primes; for RSA to be secure, it should be very hard for someone
to factor a given number (even if they’re told it’s just the product
of two primes). Thus, this advanced chapter is a companion to the
RSA chapter, but is not needed to understand the implementation
of RSA. The mathematical requirements of the chapter grow as we
progress further; the first algorithms are elementary, while the last
is the only known modern, provably fast way to determine whether
a number is prime. As there are many primality tests and factoriza-
tion algorithms, there should be a compelling reason behind what
we include and what we omit, and there is. For centuries people
had unsuccessfully searched for a provably fast primality test; the
mathematics community was shocked when Agrawal, Kayal, and
Saxena found just such an algorithm. Our goal is not to prove why
their algorithm works, but instead to explain the ideas and nota-
tion so that the interested reader can pick up the paper and follow
the proof, as well as to remind the reader that just because a prob-
lem seems hard or impossible does not mean that it is! As much
of cryptography is built around the assumption of the difficulty of
solving certain problems, this is a lesson worth learning well.
Chapters 1–5 and 10 can be covered as a one semester course in math-
ematics for liberal arts or criminal justice majors, with little or no math-
ematics background. If time permits, parts of Chapters 9 and 11 can be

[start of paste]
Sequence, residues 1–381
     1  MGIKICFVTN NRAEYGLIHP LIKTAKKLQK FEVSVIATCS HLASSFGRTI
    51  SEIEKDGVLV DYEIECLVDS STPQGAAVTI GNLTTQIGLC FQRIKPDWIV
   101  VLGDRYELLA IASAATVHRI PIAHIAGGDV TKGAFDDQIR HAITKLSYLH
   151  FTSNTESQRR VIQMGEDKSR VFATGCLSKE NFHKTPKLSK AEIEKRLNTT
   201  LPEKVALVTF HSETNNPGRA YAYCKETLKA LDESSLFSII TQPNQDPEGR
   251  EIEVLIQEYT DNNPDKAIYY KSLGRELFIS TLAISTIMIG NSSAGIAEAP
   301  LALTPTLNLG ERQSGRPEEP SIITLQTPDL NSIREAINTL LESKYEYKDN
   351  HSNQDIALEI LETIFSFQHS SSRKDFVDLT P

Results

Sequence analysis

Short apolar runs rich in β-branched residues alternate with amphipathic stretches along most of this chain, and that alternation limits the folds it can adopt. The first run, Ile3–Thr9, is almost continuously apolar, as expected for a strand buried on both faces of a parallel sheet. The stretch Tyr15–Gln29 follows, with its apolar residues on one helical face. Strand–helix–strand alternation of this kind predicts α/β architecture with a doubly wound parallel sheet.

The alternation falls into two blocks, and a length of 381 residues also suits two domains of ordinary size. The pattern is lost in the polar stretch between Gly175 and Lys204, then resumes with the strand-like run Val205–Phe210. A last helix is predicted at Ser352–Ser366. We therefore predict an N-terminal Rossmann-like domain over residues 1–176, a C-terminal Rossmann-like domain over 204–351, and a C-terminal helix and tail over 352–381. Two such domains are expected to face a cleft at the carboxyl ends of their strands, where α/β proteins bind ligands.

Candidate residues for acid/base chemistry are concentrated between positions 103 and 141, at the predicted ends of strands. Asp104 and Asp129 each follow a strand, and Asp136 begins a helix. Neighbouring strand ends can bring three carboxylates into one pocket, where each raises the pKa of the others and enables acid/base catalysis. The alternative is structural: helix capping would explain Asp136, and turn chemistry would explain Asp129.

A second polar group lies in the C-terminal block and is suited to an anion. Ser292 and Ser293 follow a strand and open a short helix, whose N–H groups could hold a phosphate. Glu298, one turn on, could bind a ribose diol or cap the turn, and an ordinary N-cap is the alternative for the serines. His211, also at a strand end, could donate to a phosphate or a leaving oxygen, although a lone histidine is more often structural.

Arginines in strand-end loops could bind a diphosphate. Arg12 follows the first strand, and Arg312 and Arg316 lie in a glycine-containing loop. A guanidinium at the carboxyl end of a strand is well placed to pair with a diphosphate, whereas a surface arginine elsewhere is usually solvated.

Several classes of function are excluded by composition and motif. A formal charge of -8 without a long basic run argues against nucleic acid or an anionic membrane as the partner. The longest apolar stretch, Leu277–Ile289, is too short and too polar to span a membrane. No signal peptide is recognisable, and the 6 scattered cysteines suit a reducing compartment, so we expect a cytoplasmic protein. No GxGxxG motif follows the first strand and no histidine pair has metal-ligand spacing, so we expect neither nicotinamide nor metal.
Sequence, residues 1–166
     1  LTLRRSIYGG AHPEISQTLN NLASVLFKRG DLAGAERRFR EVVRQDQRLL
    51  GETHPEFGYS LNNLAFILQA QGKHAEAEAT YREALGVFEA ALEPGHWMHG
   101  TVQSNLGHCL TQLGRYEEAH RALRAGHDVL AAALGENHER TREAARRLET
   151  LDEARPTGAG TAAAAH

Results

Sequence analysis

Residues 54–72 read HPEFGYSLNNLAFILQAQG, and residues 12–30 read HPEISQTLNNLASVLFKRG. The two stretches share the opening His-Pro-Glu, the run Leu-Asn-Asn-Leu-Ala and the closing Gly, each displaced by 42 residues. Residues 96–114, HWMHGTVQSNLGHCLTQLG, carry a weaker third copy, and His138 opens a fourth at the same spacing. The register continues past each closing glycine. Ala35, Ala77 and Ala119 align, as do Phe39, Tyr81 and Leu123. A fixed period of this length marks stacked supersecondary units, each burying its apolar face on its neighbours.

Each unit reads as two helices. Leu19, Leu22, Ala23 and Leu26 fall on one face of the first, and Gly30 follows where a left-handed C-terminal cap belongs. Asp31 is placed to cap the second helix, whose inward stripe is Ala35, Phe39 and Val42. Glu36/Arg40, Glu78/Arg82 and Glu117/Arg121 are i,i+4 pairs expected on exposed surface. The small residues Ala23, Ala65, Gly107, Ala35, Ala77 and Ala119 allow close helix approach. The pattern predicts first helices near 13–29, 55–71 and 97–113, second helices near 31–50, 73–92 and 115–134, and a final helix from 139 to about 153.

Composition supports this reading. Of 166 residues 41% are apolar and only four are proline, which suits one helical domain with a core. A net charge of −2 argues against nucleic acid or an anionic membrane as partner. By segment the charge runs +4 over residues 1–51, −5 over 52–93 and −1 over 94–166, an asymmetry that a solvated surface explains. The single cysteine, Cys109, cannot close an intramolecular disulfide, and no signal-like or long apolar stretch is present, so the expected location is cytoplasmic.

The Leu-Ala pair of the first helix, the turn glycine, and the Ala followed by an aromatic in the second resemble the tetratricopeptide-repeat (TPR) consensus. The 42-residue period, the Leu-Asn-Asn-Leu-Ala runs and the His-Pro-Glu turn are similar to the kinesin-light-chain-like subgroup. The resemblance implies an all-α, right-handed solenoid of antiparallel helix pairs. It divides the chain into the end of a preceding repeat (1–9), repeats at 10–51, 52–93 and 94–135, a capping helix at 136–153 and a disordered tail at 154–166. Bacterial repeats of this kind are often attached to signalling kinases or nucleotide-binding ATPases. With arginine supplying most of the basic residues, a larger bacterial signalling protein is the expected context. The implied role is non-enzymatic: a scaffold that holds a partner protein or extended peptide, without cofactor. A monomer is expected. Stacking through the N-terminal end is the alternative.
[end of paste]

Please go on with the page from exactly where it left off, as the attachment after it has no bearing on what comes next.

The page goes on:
included or sections from the RSA chapters (Chapters 7 and 8). For a se-
mester course for mathematics, science, or engineering majors, most of the
chapters can be covered in a week or two, which allows a variety of options
to supplement the core material from the first few chapters.
A natural choice is to build the semester with the intention of describing
RSA in complete detail and then supplementing as time allows with topics
from Chapters 9 and 11. Depending on the length of the semester, some
of the classical ciphers can safely be omitted (such as the permutation and
the Hill ciphers), which shortens several of the first few chapters and lessens
the mathematical prerequisites. Other options are to skip either the
Enigma/Ultra chapter (Chapter 3) or the symmetric encryption chapter
(Chapter 6) to have more time for other topics. Chapters 1 and 10 are less
mathematical. These are meant to provide a broad overview of the past,
present, and future of the subject and are thus good chapters for all to read.
Cryptography is a wonderful subject with lots of great applications. It’s
a terrific way to motivate some great mathematics. We hope you enjoy the
journey ahead, and we end with some advice:
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